How Much Will $10,000 Make in a High-Yield Savings Account?

Money Saving Concept.
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As the saying goes, it takes money to make money, and when you have enough money in your checking account to cover the essentials, it may be time to consider what your savings account looks like — and if it is the best one for your buck.

If you have $10,000 in a high-yield savings account with a 3.00% APY, you can expect to earn $300 in interest over the span of one year, but there’s more to it than that. Comparison shopping always helps. Many financial institutions, credit unions and banks offer varying annual percentage yields, or APYs, so make sure all your saved dollars and cents add up.

What Is a High-Yield Savings Account?

A high-yield savings account is considered to be an account that earns high interest and better savings rates. This type of savings account gives you much more financial growth than a standard savings account, as the interest earned is higher than the national average.

Many financial institutions, brick-and-mortar banks, online banks and credit unions offer regular or online high-yield savings accounts. The interest you earn on your account depends on the balance of your account, as well as the specific interest rate your bank offers. Essentially, interest is money the bank pays into your account over time based on these two factors, so the percentage will vary from bank account to bank account.

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High-Yield Savings Account Calculator

Regular or online high-yield savings accounts work faster for your financial growth. Here are some examples of what your money would make over time if you put a $10,000 initial deposit in high-yield savings account over one year. These estimates are based on common APYs you may find.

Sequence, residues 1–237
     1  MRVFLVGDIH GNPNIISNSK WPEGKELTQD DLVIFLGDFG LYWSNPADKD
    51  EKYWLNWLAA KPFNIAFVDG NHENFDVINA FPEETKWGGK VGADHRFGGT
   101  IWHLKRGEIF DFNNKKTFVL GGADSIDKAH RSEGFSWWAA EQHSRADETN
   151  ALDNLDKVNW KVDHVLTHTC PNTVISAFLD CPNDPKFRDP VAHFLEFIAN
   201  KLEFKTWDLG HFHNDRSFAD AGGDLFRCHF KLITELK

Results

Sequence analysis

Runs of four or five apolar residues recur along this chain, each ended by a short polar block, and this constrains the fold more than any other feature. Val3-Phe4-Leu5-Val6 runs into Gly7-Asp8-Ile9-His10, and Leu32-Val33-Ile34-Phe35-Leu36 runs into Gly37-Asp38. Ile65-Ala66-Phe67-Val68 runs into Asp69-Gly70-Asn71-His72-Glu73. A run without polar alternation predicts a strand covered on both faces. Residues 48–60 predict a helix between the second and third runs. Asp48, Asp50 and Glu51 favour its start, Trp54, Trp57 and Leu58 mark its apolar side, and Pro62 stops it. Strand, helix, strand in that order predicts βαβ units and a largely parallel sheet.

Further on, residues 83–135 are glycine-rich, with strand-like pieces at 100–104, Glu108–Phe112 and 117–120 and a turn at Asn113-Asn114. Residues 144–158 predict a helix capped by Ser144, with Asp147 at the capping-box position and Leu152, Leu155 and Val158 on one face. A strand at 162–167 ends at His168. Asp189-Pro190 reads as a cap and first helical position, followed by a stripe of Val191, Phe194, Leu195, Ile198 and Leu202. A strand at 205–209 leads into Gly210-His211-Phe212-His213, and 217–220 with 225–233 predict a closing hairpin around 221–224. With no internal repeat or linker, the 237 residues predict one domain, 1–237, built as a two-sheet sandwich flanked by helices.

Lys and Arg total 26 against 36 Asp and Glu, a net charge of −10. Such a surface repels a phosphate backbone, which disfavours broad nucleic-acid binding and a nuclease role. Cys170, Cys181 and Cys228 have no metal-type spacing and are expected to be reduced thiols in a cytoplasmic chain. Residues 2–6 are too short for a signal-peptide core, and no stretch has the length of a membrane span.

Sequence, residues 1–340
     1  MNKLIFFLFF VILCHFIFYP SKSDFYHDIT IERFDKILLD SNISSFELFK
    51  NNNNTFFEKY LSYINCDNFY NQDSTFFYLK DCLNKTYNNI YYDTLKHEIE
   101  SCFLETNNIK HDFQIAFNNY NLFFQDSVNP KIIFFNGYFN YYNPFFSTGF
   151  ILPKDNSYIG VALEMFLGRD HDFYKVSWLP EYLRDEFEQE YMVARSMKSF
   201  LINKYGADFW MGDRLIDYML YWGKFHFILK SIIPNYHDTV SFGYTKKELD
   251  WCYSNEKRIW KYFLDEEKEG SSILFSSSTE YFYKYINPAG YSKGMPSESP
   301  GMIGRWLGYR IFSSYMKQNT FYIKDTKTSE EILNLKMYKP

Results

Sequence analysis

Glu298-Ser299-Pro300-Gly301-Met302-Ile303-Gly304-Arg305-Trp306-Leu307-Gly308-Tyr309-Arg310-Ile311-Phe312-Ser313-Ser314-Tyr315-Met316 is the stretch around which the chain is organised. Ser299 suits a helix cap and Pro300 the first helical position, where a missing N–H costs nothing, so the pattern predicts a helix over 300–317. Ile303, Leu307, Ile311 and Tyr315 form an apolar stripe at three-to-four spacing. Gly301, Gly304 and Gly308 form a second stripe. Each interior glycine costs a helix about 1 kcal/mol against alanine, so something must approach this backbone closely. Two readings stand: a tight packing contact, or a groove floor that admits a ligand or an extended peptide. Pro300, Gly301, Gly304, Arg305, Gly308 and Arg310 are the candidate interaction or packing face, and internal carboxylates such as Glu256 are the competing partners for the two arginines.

Estimated Earnings Over 1 Year 

APY Estimated Earnings on $10,000 Account Total
3.50% $350 $10,350
3.75% $375 $10,375
4.00% $400 $10,400
4.25% $425 $10,425

Compound Interest

Compound interest is when you earn interest on accumulated interest, which helps your money grow even faster. Higher interest rates, combined with compound interest, also help this exponentially in a high-yield savings account as compared to a traditional savings account. If you don’t have a savings calculator, the next best thing is to know how to figure it out yourself with this formula.

Compound Interest Formula

A = P(1+r/n)(nt)

  • A is the total that your account will be worth at the end of the term, including the amount you put in.
  • P is the principal, or the amount you deposited when you opened the account.
  • R is the rate, or annual interest rate, expressed as a decimal. If the interest rate is 1.25% APY, r is 0.0125.
  • n is the number of times that interest in compounded every year. If the interest is compounded daily, n = 365; if it is compounded monthly, n = 12. Check with your bank to verify how often the interest is compounded.
  • t is time, or the number of years you’ll be leaving the balance in the account.
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Other High-Yield Savings Account Factors